The first half ran into the interval by about 25 minutes before we got our 25 minute planned break, which featured more iconic clips from the show on the big screen as fans digested what they had just seen and rushed to the bars and toilets. The Royal Albert Hall is a beautiful venue with incredible architectural features, and any time I can get an excuse to go there I am happy to jump at the opportunity. The second half was scheduled to be approximately 1 hours and 35 minutes but was cut down to 45 minutes to accommodate for the first half being almost an hour long instead of the originally scheduled 30 minutes.
The second half saw the cast play a fun game of “Family Fight”, this was in the style of Steve Harvey’s “Family Feud” or as pointed out by Meg, what Brits may remember as “Family Fortunes”.
Fans were also treated to some fantastic cameos throughout the show, both on the big screen and in person. They managed to find a clever way to weave these into some fun little segments with hilarious appearances from The Lawyer, Uncle Jack, Artemis and the legendary Frank Reynolds. It was a brilliant way to feature those actors and while it would have been nice to see Danny DeVito in person, it was an unrealistic hope. One huge surprise though was Kaitlin Olson’s on stage appearance, she was accompanied by a reception so thunderous that it could have come from the fantasy ridden mind of Dee Reynolds herself.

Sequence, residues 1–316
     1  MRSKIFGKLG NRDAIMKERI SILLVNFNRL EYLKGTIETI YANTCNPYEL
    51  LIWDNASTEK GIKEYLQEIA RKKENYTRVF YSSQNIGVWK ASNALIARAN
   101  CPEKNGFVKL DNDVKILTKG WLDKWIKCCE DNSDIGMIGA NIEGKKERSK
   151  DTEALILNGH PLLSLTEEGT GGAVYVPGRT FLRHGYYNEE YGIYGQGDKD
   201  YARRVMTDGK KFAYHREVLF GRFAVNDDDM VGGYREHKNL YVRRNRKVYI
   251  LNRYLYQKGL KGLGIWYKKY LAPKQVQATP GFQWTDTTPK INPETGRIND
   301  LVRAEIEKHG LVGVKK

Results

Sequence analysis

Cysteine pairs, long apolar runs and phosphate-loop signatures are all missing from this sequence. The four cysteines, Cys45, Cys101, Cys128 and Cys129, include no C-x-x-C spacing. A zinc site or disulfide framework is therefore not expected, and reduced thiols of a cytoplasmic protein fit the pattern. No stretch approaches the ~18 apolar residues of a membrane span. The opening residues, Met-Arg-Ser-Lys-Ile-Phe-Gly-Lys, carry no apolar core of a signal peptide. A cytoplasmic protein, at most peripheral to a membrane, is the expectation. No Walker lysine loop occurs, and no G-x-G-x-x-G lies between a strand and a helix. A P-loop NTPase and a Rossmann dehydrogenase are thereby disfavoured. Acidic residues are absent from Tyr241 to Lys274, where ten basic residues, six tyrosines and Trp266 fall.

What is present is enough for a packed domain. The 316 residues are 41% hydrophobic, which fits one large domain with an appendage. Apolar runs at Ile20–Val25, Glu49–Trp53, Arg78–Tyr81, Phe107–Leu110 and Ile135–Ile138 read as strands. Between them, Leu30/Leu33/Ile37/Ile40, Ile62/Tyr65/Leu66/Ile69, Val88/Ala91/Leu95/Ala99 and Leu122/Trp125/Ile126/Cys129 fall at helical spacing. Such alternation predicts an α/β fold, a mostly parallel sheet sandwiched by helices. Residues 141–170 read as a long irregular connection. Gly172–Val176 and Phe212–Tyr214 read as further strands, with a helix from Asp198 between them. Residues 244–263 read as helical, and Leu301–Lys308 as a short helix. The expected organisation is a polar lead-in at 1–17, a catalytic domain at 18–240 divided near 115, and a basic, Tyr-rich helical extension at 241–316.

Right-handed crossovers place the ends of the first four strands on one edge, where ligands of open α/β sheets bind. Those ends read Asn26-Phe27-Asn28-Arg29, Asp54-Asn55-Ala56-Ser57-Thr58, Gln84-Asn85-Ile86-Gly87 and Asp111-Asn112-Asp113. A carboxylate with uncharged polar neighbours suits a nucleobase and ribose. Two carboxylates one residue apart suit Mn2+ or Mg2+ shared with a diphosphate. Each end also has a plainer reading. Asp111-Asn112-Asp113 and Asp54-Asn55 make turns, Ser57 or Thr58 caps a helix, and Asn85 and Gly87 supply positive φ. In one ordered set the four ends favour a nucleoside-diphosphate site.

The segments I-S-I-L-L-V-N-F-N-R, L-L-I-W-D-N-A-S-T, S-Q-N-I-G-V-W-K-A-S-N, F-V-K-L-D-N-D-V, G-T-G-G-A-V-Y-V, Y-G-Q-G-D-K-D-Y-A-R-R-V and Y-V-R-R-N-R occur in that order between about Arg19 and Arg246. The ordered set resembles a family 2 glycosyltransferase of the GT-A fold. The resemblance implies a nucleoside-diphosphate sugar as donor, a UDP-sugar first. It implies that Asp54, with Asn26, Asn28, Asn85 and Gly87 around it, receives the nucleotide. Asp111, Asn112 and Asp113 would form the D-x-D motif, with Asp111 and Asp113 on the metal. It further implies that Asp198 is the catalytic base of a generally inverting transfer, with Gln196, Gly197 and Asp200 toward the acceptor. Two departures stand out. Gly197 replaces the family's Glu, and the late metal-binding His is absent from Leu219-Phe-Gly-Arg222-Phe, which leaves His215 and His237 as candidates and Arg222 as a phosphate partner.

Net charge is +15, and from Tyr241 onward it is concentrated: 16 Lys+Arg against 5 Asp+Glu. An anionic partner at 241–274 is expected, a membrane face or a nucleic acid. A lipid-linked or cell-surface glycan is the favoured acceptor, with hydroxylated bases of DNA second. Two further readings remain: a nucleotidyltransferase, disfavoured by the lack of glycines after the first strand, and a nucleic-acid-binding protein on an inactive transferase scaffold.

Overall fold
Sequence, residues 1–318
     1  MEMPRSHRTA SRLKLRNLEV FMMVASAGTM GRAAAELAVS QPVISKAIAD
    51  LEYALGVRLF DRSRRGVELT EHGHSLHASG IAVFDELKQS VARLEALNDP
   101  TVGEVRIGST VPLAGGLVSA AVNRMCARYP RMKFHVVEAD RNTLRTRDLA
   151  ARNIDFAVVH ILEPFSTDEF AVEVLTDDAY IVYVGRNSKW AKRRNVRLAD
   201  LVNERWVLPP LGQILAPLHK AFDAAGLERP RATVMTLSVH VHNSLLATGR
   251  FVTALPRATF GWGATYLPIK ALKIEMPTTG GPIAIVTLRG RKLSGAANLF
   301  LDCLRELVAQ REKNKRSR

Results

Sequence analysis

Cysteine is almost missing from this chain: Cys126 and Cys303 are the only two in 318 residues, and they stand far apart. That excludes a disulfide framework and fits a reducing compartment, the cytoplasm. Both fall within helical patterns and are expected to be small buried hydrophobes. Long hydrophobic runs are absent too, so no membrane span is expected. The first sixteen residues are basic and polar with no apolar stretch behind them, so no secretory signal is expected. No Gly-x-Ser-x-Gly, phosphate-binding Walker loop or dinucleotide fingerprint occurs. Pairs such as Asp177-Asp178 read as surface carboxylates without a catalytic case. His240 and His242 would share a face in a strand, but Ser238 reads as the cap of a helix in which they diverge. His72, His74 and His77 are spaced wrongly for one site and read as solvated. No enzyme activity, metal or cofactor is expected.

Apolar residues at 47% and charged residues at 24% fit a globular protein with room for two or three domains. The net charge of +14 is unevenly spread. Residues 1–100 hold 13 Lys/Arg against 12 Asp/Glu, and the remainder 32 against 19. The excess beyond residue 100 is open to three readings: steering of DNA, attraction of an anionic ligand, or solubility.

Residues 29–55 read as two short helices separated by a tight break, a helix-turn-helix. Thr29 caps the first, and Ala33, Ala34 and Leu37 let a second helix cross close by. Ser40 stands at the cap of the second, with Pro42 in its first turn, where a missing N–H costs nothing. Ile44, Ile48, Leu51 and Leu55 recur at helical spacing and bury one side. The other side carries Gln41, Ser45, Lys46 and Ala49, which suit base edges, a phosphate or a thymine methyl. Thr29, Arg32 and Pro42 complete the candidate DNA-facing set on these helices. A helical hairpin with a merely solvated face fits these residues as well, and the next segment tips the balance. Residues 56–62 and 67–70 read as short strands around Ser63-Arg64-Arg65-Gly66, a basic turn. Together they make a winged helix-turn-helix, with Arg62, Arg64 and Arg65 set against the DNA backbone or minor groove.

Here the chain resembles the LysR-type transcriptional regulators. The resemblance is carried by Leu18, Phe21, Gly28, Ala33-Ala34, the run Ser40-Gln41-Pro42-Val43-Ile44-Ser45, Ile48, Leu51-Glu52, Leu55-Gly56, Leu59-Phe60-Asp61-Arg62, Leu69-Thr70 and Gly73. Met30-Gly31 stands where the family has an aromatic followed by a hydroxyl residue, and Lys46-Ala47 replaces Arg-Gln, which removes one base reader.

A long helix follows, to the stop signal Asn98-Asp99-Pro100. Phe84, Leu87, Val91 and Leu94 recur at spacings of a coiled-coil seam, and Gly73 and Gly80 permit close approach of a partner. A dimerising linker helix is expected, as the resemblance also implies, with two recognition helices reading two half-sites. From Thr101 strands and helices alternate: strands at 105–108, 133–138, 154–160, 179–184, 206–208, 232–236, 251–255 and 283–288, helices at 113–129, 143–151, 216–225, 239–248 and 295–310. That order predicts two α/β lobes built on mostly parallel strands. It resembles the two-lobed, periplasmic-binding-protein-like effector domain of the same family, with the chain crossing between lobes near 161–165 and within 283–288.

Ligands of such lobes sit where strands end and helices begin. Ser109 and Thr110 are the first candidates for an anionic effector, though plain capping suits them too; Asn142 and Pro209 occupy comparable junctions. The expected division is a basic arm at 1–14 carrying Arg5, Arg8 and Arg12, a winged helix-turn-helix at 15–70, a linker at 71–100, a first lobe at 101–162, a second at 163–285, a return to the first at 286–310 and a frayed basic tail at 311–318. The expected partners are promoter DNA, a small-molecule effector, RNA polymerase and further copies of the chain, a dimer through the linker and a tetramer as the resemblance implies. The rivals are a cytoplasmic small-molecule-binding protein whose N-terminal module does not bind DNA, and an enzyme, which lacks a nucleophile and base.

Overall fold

The show would feature many musical treats with Charlie playing some classic IASIP tunes on the guitar and then Kaitlin’s appearance in the second half leading to a rendition of “Tiny Boy, Little Boy, Baby Boy“. Charlie would jump on the piano and also treat fans to the comforting “I like Paddy’s Pub” alongside a heartwarming slideshow of moments featuring the sitcom’s cast on the big screen.
Live podcasts don’t often get an encore and that’s why this show really wasn’t simply a live recording of a podcast with an audience. This was more than that, it was a fantastic stage show with so many different elements . But there was only one way to end things! The Gang would reappear on stage for a rousing rendition of “Nightman“.
Overall the show was exactly what I hoped it would be, carefully blending the podcast and musical formats, with the need to also involve the audience and satisfy them with the big hitters. All of this was done while keeping things fresh and feeling like fans were getting a unique experience, that thankfully didn’t just feel like a copy and paste job. It’s hard enough for a band or stand-up comedian to find that balance, let alone adding in the element of a podcast with its own lore and back catalogue of references. All of this was achieved with a fanbase who have been craving some sort of live ISIAP experience for many years.
I raise a glass of Four Walls whiskey to you all!